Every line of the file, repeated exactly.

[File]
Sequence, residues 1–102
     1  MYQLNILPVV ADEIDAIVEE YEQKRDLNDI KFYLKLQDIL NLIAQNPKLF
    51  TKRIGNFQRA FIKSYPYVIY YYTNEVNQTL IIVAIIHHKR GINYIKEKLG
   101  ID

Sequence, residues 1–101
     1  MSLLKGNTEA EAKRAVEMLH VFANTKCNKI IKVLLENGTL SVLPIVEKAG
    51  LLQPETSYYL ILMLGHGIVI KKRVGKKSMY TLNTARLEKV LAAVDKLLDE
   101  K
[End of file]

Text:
Sequence, residues 1–102
     1  MYQLNILPVV ADEIDAIVEE YEQKRDLNDI KFYLKLQDIL NLIAQNPKLF
    51  TKRIGNFQRA FIKSYPYVIY YYTNEVNQTL IIVAIIHHKR GINYIKEKLG
   101  ID

Sequence, residues 1–101
     1  MSLLKGNTEA EAKRAVEMLH VFANTKCNKI IKVLLENGTL SVLPIVEKAG
    51  LLQPETSYYL ILMLGHGIVI KKRVGKKSMY TLNTARLEKV LAAVDKLLDE
   101  K